The burden of a substance abuse disorder is difficult to carry alone, and good relationships are important during recovery. But some relationships are anything but helpful. If you find yourself in a toxic relationship, it is important that you end it as quickly as possible for two related reasons. First, you should never allow an abusive relationship to continue, whether it’s physically, emotionally, or psychologically. And second, the negativity of a toxic relationship may well put you at increased risk of relapse.
What Makes a Relationship Toxic?
While the characteristics of a toxic relationship might seem almost too obvious to mention, it is important to note that arguments and disagreements can be part of a healthy relationship. Make sure you don’t abandon productive relationships just because a friend of family member sometimes says “no” to you or is honest with you when they are disappointed or angry with you.
But if disagreements turn violent or if a person is consistently cruel to you or lies to you repeatedly, or if a supposed friend isolates you from others or spreads rumors about you, then you are in a toxic relationship. And while it might be hard—especially if you feel love or affection toward the person in question—ending that relationship should be your first priority.
Easier Said Than Done
Of course, it is one thing to recognize that a relationship is detrimental to your life, health, and ongoing sobriety. It is quite another to take the steps necessary to separate yourself from someone and move on without them.
But once you have realized what must be done, you can take positive steps to extricate yourself from the relationship. For example, making a list of the ways in which the relationship is negative may help strengthen your resolve. Practicing the conversation—with a friend, family member, or even just in the mirror—can give you confidence that you can get through it and can express yourself calmly and clearly. Arranging for the conversation to take place in public and/or while a trusted friend is present can help ensure your safety as you break the news.
When the moment comes, be calm and concise, be ready to listen to what the other person has to say (as long as they can do it in a respectful manner), and be resolute in your decision.
It Might Feel a lot Like the Recovery Process
Once you have told the person that you are ending your relationship, there are still plenty of challenges ahead. And those challenges might remind you of your substance abuse disorder and your ongoing recovery process. You might be sorely tempted to return to the relationship, even though you know that isn’t the right thing to do.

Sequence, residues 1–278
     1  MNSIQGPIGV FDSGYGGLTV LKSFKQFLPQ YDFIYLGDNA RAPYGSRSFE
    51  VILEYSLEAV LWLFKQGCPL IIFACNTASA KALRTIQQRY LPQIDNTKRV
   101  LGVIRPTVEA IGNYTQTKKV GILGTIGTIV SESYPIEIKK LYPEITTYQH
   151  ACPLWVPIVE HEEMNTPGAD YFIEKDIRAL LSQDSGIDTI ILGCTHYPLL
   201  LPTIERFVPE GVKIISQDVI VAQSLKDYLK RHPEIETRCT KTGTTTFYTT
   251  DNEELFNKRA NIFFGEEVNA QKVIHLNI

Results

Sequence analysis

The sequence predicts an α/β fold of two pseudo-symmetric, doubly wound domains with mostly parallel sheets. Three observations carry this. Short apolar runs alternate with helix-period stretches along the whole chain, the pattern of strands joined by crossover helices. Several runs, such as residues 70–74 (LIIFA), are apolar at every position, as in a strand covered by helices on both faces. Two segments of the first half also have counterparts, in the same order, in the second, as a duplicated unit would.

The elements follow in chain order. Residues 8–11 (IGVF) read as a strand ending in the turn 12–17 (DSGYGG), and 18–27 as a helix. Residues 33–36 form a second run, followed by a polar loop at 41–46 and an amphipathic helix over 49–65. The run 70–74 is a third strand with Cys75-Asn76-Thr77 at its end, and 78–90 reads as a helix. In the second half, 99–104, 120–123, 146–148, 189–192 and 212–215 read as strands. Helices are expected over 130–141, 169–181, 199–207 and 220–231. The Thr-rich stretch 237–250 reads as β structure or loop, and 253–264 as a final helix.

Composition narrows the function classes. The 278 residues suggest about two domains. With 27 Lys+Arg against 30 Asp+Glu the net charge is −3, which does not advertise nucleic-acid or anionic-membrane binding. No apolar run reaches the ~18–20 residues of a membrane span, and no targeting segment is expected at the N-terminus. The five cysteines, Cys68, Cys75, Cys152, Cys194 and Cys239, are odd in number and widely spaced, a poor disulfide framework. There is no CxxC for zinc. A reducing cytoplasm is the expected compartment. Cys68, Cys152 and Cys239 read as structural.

One quick way to lessen the temptation is to break off contact completely. If you are living together, move out (and don’t go back when the person is home). Unfriend the person on Facebook (and unfollow them on other social media platforms). Erase their contact information from your phone (and block their number if they try to reach out to you). Stay away from places you used to go together (and be prepared to walk out of any place they walk into, whether it’s a restaurant, a movie theater, church, or the grocery store).
Just as in recovery, you will want to rely on your support network of positive relationships. You may want to take up a new hobby (or get back to an old one) to distract you from thinking about the toxic relationship. You might find meditation or yoga or art classes or any number of things helpful as you commit to staying away from the person who was making you miserable.
The Relationship Might Be Over, But You Are Not Alone
Sometimes when everything seems to be going wrong, it feels like you are facing an insurmountable challenge that no one else understands. But the fact of the matter is that toxic relationships are far more common than anyone would like. So common, in fact, that there is even a wikiHow article on ending them (written, fortunately, by a Licensed Independent Clinical Social Worker).
In short, there is no reason to feel shame about finding yourself in a bad relationship—and certainly no reason to blame yourself. Instead, focus on getting out of the relationship and looking forward rather than back.
Your Relationship with Us Will Never be Toxic
The Aviary Recovery Center, located near St. Louis, Missouri, is committed to forging healthy relationships with people who need treatment for substance abuse disorders and ongoing support as they are in recovery. We have the expertise to help, the compassion necessary for true care, and the resources to help you build a firm foundation for lasting sobriety.
(888) 998-8655. We’re here to help.